History of Brownsburg, IN
Brownsburg was first gotten comfortable 1824 by James B. Earthy colored. At the point when he showed up, the region was a thick, whole stretch of wild. Delaware Indians lived in what is presently called Lincoln Township, along White Lick Creek, which was then called “Wa-pe-ke-way” or “White Salt”.
After four years, the primary log school building worked in Brown Township. When a stagecoach line was set up along a street worked in 1820 associating with Indianapolis, more pilgrims showed up. William Harris got comfortable the zone north of what is currently Main Street, offering areas of woods to approaching pioneers which gave the town its unique name of Harrisburg in 1835. A mailing station was set up in 1836 under the name of Harrisburg, yet was later changed to Brownsburg since the name Harrisburg was being utilized by a mailing station in another Indiana region.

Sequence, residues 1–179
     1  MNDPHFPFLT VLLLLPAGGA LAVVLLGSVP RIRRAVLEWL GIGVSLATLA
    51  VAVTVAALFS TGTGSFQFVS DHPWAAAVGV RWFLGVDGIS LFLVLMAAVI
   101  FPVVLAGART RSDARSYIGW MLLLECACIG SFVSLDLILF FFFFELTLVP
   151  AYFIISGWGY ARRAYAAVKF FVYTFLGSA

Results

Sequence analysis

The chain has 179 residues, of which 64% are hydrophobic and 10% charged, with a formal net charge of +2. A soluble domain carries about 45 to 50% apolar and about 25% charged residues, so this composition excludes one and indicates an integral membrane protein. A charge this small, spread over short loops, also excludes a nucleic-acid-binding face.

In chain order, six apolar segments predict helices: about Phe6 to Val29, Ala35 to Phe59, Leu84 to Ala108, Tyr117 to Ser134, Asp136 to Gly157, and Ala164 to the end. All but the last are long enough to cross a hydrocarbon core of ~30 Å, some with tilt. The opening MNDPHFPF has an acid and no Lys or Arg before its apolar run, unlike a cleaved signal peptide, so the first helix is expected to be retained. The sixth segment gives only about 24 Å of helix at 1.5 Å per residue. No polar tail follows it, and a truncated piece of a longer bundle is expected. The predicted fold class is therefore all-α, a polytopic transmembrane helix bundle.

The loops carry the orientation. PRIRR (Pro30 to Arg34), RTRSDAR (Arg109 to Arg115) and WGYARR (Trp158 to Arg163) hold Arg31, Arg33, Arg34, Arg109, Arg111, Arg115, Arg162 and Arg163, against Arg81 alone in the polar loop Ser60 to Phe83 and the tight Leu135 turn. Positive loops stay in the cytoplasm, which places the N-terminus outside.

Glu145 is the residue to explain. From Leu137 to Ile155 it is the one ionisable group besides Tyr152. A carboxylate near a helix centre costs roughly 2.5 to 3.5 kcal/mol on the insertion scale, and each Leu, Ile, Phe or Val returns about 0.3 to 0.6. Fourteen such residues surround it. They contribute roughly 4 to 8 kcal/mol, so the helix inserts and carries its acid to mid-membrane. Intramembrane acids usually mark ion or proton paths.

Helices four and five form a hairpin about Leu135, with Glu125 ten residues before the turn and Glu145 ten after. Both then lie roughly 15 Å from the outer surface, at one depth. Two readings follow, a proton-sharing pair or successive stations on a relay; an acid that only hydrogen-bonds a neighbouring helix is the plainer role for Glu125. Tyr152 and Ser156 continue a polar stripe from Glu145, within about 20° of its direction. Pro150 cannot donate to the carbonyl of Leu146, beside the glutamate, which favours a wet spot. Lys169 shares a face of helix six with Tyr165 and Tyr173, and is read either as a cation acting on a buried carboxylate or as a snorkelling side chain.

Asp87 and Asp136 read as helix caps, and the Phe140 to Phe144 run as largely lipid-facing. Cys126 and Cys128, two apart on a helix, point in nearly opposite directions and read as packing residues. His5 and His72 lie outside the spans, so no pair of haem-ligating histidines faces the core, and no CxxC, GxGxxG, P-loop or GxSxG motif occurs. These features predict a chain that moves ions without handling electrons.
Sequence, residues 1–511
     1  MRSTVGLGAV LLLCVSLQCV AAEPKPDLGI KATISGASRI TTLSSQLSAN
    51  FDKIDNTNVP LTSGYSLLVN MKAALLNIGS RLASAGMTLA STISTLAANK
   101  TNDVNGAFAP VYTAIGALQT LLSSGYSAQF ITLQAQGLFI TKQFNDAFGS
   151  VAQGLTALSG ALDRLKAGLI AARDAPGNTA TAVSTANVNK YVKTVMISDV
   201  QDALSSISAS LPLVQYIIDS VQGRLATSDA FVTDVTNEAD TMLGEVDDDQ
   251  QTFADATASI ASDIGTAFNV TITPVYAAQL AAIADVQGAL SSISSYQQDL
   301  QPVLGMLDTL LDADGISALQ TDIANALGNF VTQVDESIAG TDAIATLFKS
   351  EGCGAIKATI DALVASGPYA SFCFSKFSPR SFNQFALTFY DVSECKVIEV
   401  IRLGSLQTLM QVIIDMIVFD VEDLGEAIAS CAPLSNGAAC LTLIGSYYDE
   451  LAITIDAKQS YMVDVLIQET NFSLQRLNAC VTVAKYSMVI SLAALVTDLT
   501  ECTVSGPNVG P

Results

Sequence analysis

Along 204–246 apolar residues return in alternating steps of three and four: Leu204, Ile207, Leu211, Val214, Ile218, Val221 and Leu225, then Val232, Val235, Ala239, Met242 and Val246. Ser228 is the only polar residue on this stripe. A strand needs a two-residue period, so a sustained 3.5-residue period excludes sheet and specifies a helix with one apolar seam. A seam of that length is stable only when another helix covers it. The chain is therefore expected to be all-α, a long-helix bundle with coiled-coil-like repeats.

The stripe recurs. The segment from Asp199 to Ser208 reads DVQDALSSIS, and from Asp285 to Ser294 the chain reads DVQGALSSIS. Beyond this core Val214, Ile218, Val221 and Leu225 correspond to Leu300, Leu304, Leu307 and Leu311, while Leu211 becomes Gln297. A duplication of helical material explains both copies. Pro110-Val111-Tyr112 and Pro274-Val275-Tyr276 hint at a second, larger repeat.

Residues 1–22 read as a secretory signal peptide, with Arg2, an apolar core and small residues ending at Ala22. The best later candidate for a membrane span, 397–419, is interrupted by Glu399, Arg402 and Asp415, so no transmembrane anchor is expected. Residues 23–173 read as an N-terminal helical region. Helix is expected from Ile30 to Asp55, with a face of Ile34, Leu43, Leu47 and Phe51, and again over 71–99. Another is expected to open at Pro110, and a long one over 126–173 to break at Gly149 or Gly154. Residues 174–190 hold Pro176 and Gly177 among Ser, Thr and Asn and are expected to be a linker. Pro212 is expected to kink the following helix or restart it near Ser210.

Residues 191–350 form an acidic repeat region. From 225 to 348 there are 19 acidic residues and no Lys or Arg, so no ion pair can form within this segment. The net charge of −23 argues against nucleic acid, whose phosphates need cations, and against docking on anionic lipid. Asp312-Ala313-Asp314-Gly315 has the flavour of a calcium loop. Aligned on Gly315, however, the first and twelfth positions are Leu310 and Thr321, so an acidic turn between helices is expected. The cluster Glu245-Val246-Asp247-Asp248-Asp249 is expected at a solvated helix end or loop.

Brownsburg significantly increased in size from 1840 to 1870, expanded from six to sixteen sections of land, and added its first church. The town’s first political decision was held in 1848. In 1863, it was partitioned into Brown Township and Lincoln Township.
In 1985, part of the film Hoosiers was shot in the previous College Avenue Gym.